The salmon was meant to be... (Well... I meant to get trout since there is less fat, but the butcher had started cutting the salmon already & I didn't want to be a pain in the arse) I also picked up a box of cherry tomatoes called "Gourmet mix" that got 4 different shades of colors: red, orange, yellow and some funky green & red stripey ones. They look awesome!

Start with the balsamic soy reduction first, 'cuz it needs time to reduce itself... (Really? Did that make any sense?)

Balsamic soy reduction
  • a dash of olive oil
  • a couple cloves of garlic, chopped in chunks
  • 1 cup balsamic
  • 1 cup light soy sauce
  • 1 cup water
  • a few shake of herbes de provence
  • black pepper
  • a few sprinkle of sea salt (I used home-made lemon zest sea salt***)
  • a few sprinkle of sugar (I used home-made lemon zest sugar*** but you can also use any other sweet like honey or maple syrup)
Put everything in a small pot, bring to a boil over medium heat, then reduce to low heat and leave it alone for 30 minutes or so. Stir once in a while. At the end, feel free to adjust it to your taste of course.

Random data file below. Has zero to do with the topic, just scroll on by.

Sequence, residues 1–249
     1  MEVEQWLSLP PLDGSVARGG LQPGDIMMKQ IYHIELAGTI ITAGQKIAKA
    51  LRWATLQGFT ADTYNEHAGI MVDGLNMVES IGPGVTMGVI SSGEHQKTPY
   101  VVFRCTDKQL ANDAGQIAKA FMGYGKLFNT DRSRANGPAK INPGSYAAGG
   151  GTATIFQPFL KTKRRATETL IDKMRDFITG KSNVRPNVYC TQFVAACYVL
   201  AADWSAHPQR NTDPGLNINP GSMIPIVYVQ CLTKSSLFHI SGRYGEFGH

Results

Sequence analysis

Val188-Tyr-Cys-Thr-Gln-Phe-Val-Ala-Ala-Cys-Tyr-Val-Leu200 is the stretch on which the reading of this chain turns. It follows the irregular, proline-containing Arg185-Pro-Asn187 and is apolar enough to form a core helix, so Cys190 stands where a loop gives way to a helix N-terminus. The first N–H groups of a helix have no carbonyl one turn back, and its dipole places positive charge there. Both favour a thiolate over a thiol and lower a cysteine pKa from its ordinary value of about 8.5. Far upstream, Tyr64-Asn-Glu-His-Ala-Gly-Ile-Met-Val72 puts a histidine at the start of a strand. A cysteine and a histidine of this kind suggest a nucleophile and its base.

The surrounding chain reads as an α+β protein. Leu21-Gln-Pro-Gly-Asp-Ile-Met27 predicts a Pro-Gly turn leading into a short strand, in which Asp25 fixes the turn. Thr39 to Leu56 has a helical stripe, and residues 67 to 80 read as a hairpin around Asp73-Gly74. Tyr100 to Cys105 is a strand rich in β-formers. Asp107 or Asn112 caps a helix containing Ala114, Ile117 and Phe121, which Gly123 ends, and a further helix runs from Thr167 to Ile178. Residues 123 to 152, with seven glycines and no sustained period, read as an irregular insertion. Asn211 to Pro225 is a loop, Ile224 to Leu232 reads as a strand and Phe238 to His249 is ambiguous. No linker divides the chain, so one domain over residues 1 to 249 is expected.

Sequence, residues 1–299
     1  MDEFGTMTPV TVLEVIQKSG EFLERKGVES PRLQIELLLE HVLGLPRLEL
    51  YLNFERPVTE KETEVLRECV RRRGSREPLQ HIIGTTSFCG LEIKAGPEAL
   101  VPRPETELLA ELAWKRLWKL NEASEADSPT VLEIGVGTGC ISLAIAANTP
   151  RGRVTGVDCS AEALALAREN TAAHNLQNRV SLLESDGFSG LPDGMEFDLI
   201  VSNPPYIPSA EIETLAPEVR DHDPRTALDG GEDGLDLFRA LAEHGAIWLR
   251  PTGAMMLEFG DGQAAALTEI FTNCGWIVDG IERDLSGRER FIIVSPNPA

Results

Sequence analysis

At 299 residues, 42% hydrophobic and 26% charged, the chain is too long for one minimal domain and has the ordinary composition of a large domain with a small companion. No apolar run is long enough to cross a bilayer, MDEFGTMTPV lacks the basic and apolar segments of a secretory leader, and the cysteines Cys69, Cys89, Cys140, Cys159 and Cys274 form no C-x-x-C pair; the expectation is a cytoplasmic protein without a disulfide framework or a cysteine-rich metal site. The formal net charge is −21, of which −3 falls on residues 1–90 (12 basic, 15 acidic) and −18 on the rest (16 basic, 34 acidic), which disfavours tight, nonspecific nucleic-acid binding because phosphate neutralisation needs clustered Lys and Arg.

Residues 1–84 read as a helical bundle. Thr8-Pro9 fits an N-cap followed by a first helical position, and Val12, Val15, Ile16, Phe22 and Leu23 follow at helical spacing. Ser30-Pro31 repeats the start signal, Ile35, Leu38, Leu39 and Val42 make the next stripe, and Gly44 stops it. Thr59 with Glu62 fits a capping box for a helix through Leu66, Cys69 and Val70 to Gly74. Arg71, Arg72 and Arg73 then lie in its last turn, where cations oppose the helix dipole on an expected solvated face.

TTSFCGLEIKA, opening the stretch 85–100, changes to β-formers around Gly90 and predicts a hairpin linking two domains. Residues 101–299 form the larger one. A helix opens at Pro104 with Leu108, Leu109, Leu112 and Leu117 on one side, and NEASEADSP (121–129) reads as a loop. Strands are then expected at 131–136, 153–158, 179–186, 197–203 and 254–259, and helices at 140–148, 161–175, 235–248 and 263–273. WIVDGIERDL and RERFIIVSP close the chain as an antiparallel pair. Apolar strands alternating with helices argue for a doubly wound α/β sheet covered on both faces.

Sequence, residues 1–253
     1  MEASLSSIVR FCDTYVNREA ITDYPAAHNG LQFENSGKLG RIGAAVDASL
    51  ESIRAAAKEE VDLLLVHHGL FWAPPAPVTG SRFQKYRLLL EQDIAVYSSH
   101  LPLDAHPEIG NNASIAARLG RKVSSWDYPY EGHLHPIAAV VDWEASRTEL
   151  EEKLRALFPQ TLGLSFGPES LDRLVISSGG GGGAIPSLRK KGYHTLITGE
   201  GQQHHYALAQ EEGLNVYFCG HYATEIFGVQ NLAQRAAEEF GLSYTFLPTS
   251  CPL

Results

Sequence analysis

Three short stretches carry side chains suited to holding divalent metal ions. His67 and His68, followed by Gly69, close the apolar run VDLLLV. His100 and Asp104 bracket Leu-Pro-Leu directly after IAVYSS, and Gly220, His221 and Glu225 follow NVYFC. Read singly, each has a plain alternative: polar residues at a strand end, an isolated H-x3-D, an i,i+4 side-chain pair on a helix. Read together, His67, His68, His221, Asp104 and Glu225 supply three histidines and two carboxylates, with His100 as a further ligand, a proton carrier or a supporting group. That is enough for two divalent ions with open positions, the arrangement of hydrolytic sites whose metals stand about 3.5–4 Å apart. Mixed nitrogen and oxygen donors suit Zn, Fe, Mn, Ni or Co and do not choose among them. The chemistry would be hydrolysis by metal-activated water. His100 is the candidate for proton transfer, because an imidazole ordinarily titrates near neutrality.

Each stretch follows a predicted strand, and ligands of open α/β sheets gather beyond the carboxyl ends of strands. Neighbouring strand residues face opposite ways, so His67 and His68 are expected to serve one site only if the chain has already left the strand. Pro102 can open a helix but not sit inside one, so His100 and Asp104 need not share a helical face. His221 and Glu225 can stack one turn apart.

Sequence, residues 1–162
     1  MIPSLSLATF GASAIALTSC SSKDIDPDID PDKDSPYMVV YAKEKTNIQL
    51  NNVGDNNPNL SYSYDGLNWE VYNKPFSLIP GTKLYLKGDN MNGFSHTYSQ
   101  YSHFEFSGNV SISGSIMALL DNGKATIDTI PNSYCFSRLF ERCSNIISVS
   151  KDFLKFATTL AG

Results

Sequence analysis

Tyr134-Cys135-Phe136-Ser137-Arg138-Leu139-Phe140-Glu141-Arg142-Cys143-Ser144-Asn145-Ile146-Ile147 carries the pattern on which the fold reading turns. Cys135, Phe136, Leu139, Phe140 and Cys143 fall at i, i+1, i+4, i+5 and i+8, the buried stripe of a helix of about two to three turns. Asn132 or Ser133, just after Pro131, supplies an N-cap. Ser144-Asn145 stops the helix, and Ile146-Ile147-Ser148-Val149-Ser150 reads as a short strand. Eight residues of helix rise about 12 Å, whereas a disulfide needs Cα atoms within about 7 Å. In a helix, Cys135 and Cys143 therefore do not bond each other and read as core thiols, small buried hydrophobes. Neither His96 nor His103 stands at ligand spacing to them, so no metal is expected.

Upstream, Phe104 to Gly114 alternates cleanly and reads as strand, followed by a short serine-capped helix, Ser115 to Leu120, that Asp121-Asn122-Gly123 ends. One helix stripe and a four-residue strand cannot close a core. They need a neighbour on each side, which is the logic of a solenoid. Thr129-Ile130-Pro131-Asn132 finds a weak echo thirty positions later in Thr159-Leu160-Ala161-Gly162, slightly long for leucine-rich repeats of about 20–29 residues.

While that's cooking, place the filets of salmon (in my case, three) skin side down on a big plate and sprinkle each with
  • a few shakes of garlic powder
  • a couple of shakes of herbes de provence
  • a pinch of sea salt
And let them sit for about 30 minutes.

On medium high heat, swirl a couple dashes of olive oil in a big pan to cover the surface well. Then placed the filets into the pan, skin side up, while constantly shaking the pan slightly for the first 20 seconds so the fish doesn't stick to the pan. Continue searing for another minute. Flip them over, carefully, shake again, then cover the pan & let cook for another 4, 5 minutes, depending on how pink or how cooked you want your salmon to be.